‘Unflappable’ and ‘honest’

    Koskinen also served on the board of trustees at Duke University from 1985 to 1998 and chaired the board’s business and finance committee during the tenure of then-University President Keith Brodie.

    Brodie, who is also a psychiatry professor, said he spent a lot of time working with Koskinen during difficult financial times at the university and called Koskinen “remarkably talented.”

    And although congressional Republicans are questioning his integrity, Brodie said Koskinen was a “very, very honest guy” and steady.

    “He was quite unflappable back then and really a joy to work with,” Brodie said.

    1. con’td:

      Beating back accusations
      While Koskinen could plunge a Duke University boardroom into a deferential silence, Congress is a very different animal.

      By the end of his question time on Monday, a dissatisfied Issa proclaimed: “I’ve lost my patience with you.”

      But Koskinen kept his cool.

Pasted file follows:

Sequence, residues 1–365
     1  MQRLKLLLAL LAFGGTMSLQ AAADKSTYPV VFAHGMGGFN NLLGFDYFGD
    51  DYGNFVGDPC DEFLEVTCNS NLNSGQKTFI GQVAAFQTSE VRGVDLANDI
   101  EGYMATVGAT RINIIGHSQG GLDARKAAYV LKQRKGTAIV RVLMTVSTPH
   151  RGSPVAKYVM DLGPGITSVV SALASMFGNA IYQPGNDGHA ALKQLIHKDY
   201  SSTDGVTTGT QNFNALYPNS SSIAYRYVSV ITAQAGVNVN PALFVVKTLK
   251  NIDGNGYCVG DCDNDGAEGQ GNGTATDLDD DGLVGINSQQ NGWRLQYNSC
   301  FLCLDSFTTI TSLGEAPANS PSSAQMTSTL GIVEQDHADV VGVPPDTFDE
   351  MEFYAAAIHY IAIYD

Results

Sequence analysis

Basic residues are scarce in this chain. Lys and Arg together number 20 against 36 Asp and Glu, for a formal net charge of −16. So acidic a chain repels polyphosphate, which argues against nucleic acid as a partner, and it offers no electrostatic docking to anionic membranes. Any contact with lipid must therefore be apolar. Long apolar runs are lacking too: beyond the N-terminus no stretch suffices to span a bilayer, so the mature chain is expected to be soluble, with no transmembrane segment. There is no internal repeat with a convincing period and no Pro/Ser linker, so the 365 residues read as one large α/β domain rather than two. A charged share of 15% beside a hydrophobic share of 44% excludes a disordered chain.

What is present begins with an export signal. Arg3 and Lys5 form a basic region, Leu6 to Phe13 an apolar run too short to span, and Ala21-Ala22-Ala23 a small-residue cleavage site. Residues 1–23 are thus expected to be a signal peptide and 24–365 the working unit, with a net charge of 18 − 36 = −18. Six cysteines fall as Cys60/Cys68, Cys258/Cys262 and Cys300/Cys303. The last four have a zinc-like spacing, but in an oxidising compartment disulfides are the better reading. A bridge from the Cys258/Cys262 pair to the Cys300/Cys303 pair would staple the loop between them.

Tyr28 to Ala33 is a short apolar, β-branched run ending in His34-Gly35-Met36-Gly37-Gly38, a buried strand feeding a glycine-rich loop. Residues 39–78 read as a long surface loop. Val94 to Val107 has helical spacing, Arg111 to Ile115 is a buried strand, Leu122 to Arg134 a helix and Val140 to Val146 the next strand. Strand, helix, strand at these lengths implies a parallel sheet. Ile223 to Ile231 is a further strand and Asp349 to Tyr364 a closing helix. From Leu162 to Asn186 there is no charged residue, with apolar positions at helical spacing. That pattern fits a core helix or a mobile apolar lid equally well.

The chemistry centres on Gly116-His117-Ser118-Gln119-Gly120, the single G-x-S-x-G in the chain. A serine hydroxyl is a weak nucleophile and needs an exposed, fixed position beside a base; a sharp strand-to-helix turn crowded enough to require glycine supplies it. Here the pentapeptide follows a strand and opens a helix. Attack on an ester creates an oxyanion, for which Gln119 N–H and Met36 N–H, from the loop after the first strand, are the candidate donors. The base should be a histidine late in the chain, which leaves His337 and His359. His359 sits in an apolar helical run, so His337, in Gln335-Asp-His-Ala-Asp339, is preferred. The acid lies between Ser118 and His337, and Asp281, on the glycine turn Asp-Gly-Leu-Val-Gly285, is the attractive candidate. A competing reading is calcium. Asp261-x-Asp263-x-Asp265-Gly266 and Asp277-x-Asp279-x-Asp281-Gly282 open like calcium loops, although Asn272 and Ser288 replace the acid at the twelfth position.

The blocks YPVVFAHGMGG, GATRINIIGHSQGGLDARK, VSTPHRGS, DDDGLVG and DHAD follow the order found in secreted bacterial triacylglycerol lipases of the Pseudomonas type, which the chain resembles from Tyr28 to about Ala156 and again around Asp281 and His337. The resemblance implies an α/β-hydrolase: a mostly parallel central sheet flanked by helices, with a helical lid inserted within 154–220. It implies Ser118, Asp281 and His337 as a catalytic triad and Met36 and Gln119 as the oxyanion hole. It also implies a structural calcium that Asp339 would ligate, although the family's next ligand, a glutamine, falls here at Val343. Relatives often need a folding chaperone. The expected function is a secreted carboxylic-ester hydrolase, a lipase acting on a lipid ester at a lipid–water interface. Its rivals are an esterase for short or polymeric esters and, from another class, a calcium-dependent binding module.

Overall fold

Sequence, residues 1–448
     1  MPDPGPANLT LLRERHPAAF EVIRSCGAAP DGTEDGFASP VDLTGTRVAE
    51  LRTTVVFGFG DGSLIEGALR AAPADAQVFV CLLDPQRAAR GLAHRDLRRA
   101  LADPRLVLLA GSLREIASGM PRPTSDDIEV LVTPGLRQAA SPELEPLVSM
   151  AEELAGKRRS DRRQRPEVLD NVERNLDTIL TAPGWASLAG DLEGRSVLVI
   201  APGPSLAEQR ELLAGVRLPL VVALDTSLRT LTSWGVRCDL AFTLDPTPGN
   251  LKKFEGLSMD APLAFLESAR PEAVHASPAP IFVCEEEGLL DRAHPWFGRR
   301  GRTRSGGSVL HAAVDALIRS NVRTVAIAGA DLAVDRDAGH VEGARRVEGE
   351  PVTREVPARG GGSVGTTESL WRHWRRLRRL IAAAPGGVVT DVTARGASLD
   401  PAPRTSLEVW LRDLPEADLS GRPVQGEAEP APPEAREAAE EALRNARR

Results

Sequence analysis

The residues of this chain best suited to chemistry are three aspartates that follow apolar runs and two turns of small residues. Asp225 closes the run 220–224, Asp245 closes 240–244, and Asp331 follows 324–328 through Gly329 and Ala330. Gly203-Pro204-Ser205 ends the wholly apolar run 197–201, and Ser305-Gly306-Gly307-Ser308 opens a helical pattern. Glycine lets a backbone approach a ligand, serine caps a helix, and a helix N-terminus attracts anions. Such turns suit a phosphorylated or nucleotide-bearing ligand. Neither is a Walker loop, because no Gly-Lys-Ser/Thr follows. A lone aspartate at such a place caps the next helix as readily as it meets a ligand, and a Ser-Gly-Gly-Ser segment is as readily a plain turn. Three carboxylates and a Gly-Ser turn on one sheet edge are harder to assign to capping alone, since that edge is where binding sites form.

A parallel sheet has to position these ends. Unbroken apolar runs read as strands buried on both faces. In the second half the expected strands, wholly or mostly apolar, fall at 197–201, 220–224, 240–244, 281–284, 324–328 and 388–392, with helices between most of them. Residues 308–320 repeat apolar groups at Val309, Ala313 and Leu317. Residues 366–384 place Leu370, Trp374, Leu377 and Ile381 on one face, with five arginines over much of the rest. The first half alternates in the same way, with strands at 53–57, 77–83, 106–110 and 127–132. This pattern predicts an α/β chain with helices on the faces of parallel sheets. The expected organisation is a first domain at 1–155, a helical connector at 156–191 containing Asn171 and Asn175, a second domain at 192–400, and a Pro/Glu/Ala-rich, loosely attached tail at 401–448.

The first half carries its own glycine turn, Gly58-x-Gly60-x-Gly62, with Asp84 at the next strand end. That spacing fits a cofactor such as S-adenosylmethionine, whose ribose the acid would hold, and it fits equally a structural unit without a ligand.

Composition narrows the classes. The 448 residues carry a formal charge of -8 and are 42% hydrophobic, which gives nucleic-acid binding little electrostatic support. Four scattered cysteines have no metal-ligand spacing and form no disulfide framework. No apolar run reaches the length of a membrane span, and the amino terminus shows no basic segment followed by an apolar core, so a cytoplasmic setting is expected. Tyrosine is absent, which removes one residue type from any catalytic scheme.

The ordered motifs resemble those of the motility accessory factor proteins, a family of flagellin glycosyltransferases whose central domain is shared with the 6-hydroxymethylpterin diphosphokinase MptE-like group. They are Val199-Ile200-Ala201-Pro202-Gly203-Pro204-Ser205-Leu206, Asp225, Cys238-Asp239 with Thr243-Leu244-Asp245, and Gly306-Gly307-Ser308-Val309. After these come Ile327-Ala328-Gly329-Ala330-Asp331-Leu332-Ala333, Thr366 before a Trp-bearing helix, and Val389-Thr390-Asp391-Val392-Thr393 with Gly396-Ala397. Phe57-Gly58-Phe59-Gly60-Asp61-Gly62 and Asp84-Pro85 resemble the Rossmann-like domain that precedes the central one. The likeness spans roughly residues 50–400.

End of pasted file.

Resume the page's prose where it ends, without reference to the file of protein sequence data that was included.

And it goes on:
Rep. Michael Turner, a Ohio Republican, tried to push Koskinen to say whether a crime had been committed amid the IRS scandal.

      Turner pushed back after Koskinen said he had not seen any evidence of a crime or any evidence for any number of other things relating to the lost emails belonging to former top IRS official Lois Lerner.

      “We have no evidence whether she (Lerner) beat her dog, whether she beat children,” Koskinen said.

      But then Turner questioned Koskinen’s integrity when he said he would not call the FBI to investigate the agency.

      “I reject the suggestion that my integrity depends on my calling the FBI,” Koskinen said, and later said there were “no facts” behind Turner’s criminal accusations.

      He later said he hadn’t seen any evidence of “wrongdoing” in the loss of Lerner’s emails, triggering more Republican incredulity.

      CNN just gave a tongue-bath to the man that is essentially Barack Obama’s middle finger.

      1. HAHA “a very, very honest guy”. Yeah, OK.

      2. …”as the agency struggled to survive.”…

        Don’t we WISH?!
        I’ll hold the stake, someone else gets the hammer!